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Published January 12, 2021

Seeking a Safe Haven — A timely lesson from the collapse of the Amazon-Berkshire Hathaway-JPMorgan venture

Haven, a three-year odyssey to find the solution to runaway healthcare costs, has ended without reaching its destination. In January 2018, Jeff Bezos, Warren Buffett, and Jamie Dimon promised that together they would change the way healthcare works. Now, in January 2021, they are retreating to their separate corners “to address the specific needs of their own employee populations.”

Early on, Haven set three broad, lofty goals:

  • Create better health outcomes and satisfaction for employees
  • Improve primary care access, simplify insurance benefits, and make drugs more affordable
  • Leverage data and technology to drive better incentives and lower costs

While some speculated Haven would leverage its founders’ scale to develop an insurance plan capable of serving the entire nation’s employers and consumers, and others expected Haven to build a nationwide risk-based clinically integrated network, Haven never shared any details regarding its strategy.

We suspect there were few if any details to share, and Haven suffered the time-tested “terminal diagnoses” of previously touted game-changers: cloudy direction from the top, a lack of unified objectives, competing cultures, and the failure to build momentum through early victories.

The lesson from Haven’s demise is the same one repeated over and over in the last two decades: to pursue healthcare transformation, one must commit to a specific path forward. Not just a direction–like better access or affordabilitybut a path–a defined route to improve access or affordability. And that path cannot be a straight uphill climb, or one will lose any momentum one had at the beginning of the journey.

As the transition to value-based care has lurched forward (and sometimes backward), many must-have’s have been marketed to health systems. Billions have been spent in the name of harnessing data to manage populations, consolidation has been prescribed as the cure for exposure to downside risk, and complex corporate structures have been erected to support ACOs and other provider networks.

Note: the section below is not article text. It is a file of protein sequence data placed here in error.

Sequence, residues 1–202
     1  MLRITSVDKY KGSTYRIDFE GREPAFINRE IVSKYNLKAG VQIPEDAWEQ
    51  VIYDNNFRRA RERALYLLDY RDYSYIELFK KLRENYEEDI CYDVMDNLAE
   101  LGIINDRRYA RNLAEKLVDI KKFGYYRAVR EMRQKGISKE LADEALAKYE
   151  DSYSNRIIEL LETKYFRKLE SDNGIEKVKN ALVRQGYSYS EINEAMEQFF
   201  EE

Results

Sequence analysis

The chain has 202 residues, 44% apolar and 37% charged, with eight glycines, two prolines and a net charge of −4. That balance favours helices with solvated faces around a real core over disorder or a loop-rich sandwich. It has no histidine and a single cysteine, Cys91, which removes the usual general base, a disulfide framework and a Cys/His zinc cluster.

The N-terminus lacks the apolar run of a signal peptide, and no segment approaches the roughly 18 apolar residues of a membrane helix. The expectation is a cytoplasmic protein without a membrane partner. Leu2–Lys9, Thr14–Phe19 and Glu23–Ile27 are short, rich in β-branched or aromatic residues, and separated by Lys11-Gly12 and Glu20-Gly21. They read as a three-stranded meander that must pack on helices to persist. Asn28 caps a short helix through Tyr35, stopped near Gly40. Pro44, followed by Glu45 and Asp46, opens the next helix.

But securing such tools–data analytics, scale, and structure–should not be confused with doing the work to position your health system for new care models. Absent commitment to a specific path and some idea how you’re going to traverse it, investments in these tools will bear limited returns. In fact, these shiny pennies risk diverting your attention from the road ahead.

We are convinced that to survive and thrive under new care models in the post-pandemic world, health systems should commit to a path leading to the maximization of primary care capabilities. This is much broader than securing an adequate number of primary care physicians, although that is certainly a prerequisite. “Primary care” in this context refers to the means by which your organization engages with the population it intends to serve.

This includes highly efficient primary care practices, with provider compensation based on panel size and performance measures as opposed to wRVU productivity-only compensation methodologies. Beyond primary care practices, the maximization of primary care must also encompass your organization’s range of virtual services (e.g., telehealth, telephonic check-ins, remote monitoring), urgent care, care management and patient monitoring programs, outreach clinics (e.g., schools, community centers), screenings for social determinants of health, wellness fairs, and other outreach activities.

Unlike other value-based investments, many of these specific primary care initiatives can be funded–at least in part–through existing fee-for-service reimbursement mechanisms. Health systems, however, should not limit their primary care investments to those that can immediately “cash flow,” instead of appreciating the long-term value in positioning the organization for new care models.

The PYA team now is working with health systems making the investments to build achievable, resilient strategies to maximize primary care capabilities. These strategies have multiple components–e.g., implementing new compensation models, using technology to expand access to services, forging new community partnerships to address social determinants of health–with each component contributing to a shared vision of meaningful, long-term engagement with the communities served by those systems.

In these highly uncertain times, health systems that commit to the vision of meeting their population’s comprehensive primary care needs and executing on a strategic plan to achieve this vision will find the safe haven being sought by Haven–and be well-positioned for what the future will bring.

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